Premature ejaculation - Play Safe
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Premature ejaculation (PE) is one of the biggest worries I hear about it, but it’s rarely medical issue. So what is it? PE is just a fancy way of describing the frustrating experience of ejaculating or ‘cumming’ too quickly. Despite what you may see in porn, most people with a penis will ejaculate in around five minutes of penetration. What does ‘too quickly’ mean then? PE is usually defined as ejaculating in less than a minute and feeling unhappy about it (if it’s not a problem for you & your partner, it’s not actually a problem).

PE is really common for young people. As you get older the time to orgasm often gets longer. As you get more sexually experienced you may also get better at controlling it. PE can also be related to anxiety. For example, when you’re new to sex or starting a new relationship, many people will feel anxious about sexually impressing a partner. Previous bad experiences with sex can also cause a loss in confidence or create some insecurity. All of these stresses can make PE more likely.

What can you do about PE?

  • Use condoms. Yes, condoms prevent STIs, unwanted pregnancies, and can even help with PE!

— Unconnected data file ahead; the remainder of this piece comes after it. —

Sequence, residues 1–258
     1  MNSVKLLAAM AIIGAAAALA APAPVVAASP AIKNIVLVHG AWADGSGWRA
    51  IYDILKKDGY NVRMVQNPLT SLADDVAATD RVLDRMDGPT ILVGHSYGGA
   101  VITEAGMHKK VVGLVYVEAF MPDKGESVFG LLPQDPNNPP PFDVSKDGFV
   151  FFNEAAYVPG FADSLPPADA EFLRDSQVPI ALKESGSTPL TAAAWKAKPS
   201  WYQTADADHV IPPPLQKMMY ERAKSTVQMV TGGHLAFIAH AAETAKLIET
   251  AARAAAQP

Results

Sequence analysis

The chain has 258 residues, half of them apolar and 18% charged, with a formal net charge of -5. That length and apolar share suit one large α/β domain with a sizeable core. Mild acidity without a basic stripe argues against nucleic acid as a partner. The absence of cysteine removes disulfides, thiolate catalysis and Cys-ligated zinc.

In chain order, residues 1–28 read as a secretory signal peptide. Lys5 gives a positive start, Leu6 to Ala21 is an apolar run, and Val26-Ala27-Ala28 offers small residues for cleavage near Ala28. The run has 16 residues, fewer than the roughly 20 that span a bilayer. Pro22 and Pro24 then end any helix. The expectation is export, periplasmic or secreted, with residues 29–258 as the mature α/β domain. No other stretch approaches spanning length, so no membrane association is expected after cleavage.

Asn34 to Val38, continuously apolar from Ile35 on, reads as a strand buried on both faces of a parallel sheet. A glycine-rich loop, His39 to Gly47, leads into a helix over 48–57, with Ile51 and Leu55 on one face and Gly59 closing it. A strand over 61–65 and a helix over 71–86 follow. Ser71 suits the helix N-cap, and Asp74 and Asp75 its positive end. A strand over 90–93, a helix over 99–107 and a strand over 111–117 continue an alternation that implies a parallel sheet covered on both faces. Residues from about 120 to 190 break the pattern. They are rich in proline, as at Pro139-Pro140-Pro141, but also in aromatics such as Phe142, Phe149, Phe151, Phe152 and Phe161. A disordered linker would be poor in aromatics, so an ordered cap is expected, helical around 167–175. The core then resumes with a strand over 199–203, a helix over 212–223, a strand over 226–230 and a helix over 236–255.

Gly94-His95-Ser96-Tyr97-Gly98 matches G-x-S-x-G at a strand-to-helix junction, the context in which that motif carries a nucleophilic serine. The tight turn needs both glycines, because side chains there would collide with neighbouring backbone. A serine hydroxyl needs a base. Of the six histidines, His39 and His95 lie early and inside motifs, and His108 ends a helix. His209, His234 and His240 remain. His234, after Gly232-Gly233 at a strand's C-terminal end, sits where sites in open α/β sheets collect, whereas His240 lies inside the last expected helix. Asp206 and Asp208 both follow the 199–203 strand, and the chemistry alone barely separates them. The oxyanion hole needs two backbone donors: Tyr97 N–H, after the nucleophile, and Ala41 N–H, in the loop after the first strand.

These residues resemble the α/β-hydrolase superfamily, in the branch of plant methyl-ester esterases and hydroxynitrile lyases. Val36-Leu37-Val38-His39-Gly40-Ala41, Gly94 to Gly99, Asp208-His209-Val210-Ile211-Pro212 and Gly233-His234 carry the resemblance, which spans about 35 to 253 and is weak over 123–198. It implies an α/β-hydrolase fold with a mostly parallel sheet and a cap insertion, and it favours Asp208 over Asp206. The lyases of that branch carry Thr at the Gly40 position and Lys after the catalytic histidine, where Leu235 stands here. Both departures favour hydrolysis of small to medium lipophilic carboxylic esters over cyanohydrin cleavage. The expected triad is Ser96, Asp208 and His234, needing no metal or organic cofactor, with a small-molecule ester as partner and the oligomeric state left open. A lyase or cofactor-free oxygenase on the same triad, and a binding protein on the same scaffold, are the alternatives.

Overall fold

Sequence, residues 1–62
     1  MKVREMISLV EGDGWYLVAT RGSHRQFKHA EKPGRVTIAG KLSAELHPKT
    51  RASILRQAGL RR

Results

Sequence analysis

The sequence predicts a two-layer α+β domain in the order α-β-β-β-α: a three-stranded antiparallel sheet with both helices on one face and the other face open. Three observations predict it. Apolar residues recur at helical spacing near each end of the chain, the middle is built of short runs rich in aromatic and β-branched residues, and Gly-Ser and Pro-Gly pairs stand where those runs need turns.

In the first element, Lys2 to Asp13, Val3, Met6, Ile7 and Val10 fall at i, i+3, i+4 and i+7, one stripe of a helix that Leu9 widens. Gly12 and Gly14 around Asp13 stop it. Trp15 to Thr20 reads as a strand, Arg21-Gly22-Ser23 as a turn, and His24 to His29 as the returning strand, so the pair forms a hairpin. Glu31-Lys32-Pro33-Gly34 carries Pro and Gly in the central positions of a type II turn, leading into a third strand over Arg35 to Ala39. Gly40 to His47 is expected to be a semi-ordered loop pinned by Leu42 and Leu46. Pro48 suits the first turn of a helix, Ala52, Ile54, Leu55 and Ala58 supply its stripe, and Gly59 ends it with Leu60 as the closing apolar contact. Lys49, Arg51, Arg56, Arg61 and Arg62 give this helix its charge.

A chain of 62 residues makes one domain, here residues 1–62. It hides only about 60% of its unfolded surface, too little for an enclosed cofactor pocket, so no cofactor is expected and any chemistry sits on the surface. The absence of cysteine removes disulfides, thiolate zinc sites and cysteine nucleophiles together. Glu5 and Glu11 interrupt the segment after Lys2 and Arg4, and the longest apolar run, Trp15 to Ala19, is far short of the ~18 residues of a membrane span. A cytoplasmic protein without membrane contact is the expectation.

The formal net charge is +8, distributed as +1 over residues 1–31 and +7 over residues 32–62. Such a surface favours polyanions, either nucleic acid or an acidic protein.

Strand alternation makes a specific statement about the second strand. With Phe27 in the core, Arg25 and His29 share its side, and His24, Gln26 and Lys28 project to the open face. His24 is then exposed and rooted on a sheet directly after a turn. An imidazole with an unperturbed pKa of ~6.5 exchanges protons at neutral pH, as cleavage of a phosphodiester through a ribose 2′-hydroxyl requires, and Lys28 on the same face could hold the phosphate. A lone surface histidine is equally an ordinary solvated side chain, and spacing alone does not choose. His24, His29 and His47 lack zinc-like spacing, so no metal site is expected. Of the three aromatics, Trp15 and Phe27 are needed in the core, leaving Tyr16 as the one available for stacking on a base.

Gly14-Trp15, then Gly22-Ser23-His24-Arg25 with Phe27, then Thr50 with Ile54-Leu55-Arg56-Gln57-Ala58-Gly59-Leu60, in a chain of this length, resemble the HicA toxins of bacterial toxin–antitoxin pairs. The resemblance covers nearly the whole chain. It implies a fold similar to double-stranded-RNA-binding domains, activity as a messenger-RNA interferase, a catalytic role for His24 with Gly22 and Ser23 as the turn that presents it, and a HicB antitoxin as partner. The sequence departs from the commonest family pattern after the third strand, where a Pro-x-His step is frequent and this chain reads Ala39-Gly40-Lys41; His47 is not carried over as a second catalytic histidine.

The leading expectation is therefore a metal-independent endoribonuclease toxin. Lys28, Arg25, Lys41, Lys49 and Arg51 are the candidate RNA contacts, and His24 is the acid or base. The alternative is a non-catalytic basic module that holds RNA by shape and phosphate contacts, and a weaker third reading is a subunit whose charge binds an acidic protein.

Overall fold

• Talk to your partner. Sex always works best with good communication. Building trust and understanding can ease performance anxiety.
  • More orgasms! After one orgasm, it’s normal for the next one to take a little longer. If you know you’re going to have sex later, masturbating ahead of time may help you last longer.
  • Practice the ‘Start-Stop’ technique to get better control. This means masturbating until you feel you’re just about to ejaculate, then stop, wait for your erection to soften a little, and then start again. Repeat this process a few times before reaching orgasm.
  • Increase your game. Sex isn’t only about penetration or even erections! Spend some time experimenting with other ways to get and give sexual pleasure before penetration, or even after you ejaculate.
  • When in doubt, visit a doctor. Your GP can assess whether there are any medical or more complex mental health issues contributing to your experience.